An extra stockpile of weapons and ammo was seized this week during a search of a locked prop truck used on the movie set where Alec Baldwin shot dead his cinematographer, according to a search warrant released Friday.
Sante Fe sheriff’s deputies had already found a mass of firearms and ammunition during a search last Friday of the New Mexico set of “Rust” — including suspected live bullets.
They obtained a new search warrant on Wednesday — nearly a week after the fatal accident — to search a white prop truck where key crew members said the weapons were locked up during filming.
The latest search found several black bags of “ammo” in the prop truck — including a “spent LC blank” and also at least one “45 Colt round.”
Baldwin, 63, had been rehearsing with a .45-caliber Colt revolver when he fatally shot Halyna Hutchins, 42, and injured director Joel Souza, 48, on the New Mexico set last Thursday.
There were also bags and cardboard boxes full of “misc. ammo,” according to the document filed Friday in Santa Fe County Magistrate Court.
Along with the ammunition, officers seized items included 12 revolvers and one rifle, the document shows, without detailing exactly what kinds of weapons they were.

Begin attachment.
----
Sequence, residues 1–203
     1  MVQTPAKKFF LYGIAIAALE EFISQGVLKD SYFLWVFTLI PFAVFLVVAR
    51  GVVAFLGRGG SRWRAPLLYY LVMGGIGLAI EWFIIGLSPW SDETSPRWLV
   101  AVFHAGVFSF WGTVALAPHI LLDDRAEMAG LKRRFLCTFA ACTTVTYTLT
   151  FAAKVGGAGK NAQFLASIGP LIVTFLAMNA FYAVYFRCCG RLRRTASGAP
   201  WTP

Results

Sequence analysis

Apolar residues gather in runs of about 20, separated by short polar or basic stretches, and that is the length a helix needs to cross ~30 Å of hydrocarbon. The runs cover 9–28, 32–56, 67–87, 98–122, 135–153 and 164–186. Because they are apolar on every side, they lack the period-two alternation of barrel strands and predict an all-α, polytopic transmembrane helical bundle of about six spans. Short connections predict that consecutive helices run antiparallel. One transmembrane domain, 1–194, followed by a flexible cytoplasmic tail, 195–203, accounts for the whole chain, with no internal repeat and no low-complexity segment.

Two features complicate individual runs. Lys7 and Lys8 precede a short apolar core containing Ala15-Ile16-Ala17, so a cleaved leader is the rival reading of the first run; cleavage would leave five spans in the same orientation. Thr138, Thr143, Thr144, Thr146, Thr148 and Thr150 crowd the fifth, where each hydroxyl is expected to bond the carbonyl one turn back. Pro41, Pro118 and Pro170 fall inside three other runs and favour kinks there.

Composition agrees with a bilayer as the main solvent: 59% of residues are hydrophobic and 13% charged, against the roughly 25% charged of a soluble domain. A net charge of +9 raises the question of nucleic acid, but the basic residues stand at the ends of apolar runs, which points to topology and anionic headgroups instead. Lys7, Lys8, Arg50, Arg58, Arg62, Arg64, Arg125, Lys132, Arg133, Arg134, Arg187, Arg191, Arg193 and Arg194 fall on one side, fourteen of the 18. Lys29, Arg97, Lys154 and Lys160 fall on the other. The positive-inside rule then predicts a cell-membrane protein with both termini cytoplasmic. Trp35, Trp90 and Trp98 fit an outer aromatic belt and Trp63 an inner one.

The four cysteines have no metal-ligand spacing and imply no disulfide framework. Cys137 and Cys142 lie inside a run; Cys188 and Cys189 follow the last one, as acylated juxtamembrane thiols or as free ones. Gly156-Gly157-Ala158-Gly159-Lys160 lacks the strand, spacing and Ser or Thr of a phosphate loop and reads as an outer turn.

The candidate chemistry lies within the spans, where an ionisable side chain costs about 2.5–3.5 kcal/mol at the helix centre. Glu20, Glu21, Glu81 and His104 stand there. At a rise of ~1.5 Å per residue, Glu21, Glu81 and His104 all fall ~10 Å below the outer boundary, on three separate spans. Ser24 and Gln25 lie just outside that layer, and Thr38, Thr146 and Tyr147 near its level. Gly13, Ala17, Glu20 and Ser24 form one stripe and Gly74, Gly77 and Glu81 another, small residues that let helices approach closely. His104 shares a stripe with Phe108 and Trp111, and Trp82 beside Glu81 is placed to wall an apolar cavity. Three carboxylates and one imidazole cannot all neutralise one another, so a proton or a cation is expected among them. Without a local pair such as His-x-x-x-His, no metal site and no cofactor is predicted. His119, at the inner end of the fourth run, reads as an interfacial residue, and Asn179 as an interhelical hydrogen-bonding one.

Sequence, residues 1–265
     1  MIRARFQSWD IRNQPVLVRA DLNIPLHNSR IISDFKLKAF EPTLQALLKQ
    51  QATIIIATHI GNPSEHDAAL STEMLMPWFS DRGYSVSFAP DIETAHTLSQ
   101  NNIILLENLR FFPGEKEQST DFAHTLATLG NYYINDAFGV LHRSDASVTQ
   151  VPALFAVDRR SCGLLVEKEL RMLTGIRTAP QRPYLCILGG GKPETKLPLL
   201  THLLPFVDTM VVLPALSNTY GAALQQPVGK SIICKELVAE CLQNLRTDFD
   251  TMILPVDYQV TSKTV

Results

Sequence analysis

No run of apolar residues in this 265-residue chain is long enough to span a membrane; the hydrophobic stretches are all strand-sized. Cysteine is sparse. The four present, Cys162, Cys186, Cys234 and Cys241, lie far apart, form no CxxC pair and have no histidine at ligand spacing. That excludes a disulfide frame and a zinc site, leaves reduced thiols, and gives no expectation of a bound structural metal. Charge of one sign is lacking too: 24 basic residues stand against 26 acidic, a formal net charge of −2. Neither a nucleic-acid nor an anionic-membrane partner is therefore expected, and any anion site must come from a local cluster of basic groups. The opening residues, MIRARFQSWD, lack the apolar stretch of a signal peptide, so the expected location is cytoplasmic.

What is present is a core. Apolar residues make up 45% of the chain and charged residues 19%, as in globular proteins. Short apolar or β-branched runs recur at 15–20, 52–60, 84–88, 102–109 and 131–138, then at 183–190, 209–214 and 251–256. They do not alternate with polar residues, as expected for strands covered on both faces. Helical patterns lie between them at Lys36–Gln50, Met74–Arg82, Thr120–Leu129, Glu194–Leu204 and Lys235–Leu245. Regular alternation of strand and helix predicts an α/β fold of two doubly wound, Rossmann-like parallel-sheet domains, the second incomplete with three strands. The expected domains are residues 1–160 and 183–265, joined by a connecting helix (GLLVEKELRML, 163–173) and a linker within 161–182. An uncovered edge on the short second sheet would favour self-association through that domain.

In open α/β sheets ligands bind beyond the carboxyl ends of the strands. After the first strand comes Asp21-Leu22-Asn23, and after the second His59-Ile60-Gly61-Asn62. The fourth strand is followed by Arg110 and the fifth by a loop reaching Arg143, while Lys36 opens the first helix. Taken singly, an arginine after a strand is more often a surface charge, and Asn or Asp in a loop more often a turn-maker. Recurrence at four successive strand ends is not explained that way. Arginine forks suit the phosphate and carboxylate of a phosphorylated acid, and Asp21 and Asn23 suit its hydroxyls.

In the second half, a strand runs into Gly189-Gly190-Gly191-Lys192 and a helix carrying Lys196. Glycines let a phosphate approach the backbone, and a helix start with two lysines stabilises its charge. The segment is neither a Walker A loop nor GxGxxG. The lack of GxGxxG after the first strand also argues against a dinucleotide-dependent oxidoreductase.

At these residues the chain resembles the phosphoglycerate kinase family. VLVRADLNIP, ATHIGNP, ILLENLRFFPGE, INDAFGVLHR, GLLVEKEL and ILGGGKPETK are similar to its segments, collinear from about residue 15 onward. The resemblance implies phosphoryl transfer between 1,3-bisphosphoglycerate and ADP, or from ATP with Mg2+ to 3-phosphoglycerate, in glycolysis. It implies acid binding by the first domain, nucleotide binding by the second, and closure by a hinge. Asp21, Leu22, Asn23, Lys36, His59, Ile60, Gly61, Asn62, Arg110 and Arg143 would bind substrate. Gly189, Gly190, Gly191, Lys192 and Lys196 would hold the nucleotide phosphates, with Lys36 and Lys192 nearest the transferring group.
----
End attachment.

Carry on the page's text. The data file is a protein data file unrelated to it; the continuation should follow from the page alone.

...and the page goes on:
In earlier warrants, deputies stated how rookie armorer Hannah Gutierrez-Reed, 24, had insisted that before the shooting the weapons were “secured inside a safe on a ‘prop truck’ on set.”
“She advised there are only a few people that have access and the combination to the safe,” the warrant said.
Friday’s latest list of seized items did not mention where the weapons and ammo had been found in the truck, including if they had been in a safe.
In her interviews, Gutierrez-Reed had stated that “no live ammo is ever kept on set” — which Santa Fe County Sheriff Adan Mendoza has said proved untrue.
He announced Wednesday — the same day as the truck was later searched — that officers had already found about 500 rounds of ammo on the set, including a “mix of blanks, dummy rounds and what we are suspecting [to be] live rounds.”
The latest warrant was sought “due to the information received from Hannah …. about firearms and ammunition being stored on the truck.”
The evidence is currently being examined by the FBI’s crime lab in Quantico, Virginia.
So far, no one has been charged over the shooting. However, Santa Fe District Attorney Mary Carmack-Altwies said Wednesday that “no one has been ruled out at this point … All options are on the table.”
Mendoza, meanwhile, said that the key focus is finding out how live rounds got onto a movie set, insisting they should never have been there.
Gutierrez-Reed — who was armorer for only her second movie — insisted late Thursday that she had “no idea” how the live rounds were there, and blamed cost-cutting bosses for safety probelms on the tragic set.